Good Til Cancelled (Investment Order) - Explained
What is Good Til Cancelled?
If you still have questions or prefer to get help directly from an agent, please submit a request.
We’ll get back to you as soon as possible.
- Marketing, Advertising, Sales & PR
- Accounting, Taxation, and Reporting
- Professionalism & Career Development
Law, Transactions, & Risk Management
Government, Legal System, Administrative Law, & Constitutional Law Legal Disputes - Civil & Criminal Law Agency Law HR, Employment, Labor, & Discrimination Business Entities, Corporate Governance & Ownership Business Transactions, Antitrust, & Securities Law Real Estate, Personal, & Intellectual Property Commercial Law: Contract, Payments, Security Interests, & Bankruptcy Consumer Protection Insurance & Risk Management Immigration Law Environmental Protection Law Inheritance, Estates, and Trusts
- Business Management & Operations
- Economics, Finance, & Analytics
What is a Good Til Canceled?
Good til canceled (GTC) order is an investment order to buy or sell a security or stock at a specified set price that remains in effect or active until it is executed, or the investor cancels the order. For example, an investor can specify to sell a stock at $10 per share, then the GTC will stand until the condition is met and share price has reached to $10, unless the investor intervenes and cancels the instruction. If the stock reached $10 per share, under the GTC order, the shares will be sold. With a GTC instruction, the order doesn't expire at the end of the trading day like day orders but held for usually not more than 90 days after which the instructions are revisited, and further instructions are requested from the investor.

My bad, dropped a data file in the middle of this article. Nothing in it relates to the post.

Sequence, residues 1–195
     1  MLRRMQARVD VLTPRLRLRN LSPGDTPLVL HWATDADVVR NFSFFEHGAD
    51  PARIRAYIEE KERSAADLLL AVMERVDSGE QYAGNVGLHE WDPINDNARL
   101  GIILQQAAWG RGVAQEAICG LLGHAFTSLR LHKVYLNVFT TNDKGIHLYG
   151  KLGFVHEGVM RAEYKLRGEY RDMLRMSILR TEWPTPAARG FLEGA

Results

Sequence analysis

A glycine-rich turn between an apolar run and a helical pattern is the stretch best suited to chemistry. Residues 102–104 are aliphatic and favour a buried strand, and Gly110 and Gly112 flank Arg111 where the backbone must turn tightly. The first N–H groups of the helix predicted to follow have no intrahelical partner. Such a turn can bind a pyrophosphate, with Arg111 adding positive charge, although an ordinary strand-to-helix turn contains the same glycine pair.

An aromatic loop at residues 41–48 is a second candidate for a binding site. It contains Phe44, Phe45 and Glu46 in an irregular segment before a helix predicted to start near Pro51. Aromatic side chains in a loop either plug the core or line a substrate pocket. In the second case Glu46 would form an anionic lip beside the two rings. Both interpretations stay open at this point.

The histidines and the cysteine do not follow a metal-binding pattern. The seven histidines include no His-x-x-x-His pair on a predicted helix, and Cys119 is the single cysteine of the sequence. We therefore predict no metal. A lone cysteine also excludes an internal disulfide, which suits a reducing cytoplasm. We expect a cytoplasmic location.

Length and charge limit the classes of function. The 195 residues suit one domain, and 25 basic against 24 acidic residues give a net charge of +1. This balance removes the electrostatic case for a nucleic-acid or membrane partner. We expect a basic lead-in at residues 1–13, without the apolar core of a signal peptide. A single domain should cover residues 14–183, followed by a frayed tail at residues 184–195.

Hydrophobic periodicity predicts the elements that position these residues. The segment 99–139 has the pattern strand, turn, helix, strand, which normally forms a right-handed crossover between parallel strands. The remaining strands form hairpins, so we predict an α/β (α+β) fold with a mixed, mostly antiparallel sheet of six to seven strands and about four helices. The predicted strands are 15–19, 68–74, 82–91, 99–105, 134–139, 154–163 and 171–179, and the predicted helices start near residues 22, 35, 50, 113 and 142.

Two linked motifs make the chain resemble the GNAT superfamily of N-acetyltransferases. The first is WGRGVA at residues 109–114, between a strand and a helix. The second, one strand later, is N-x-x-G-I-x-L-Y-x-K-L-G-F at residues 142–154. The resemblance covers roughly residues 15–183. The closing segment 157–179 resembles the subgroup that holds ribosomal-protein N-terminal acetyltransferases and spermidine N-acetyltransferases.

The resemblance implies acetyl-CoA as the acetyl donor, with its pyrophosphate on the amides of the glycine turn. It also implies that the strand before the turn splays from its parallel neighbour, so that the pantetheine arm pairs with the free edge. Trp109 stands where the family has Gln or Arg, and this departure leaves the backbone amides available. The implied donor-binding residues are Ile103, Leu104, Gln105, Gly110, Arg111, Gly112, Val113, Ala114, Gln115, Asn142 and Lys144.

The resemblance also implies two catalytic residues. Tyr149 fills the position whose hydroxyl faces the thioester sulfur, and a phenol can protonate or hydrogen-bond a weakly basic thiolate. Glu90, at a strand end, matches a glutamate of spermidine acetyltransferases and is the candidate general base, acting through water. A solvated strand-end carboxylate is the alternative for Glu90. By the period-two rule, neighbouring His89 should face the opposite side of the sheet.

How Do Good Until Cancelled Orders Work?
Through GTC orders, investors do not need to constantly monitor the stock price and can just buy and sell at specific price points and keep them for several weeks. For example, a GTC can be set to buy a stock at a specific price point different from current market price by looking at the stocks price-to-earnings ratio, price-to-book ratio and so on without constant monitoring of the stock. Usually, GTC orders are placed because investors want to buy at a lower price than the current trading level or sell a price higher than current trading level. Sometimes, GTC order are also placed if market price of a share starts to fluctuate and there is uncertainty over its future. Sell orders can be placed at a slightly lower price to prevent further losses. Even when using GTC orders, investor must closely monitor conditions in the market since the standing order might be executed even when there is an event that sends the stock in unexpectedly one direction or the other. Several exchanges, including the NYSE and NASDAQ do not accept GTC orders because it is considered a risk to the investors where the instructions might be carried out at an inopportune time. These usually arise due to temporary volatility in the market and might cause loss to the investor. The main risk of GTC order comes when a day of extreme volatility pushes the price past the GTC order before quickly snapping back. When the price rebounds, the investor just sold low and faces the prospects of buying high to regain the position. However, many brokerage firms still offer GTC among their services and execute the instructions internally.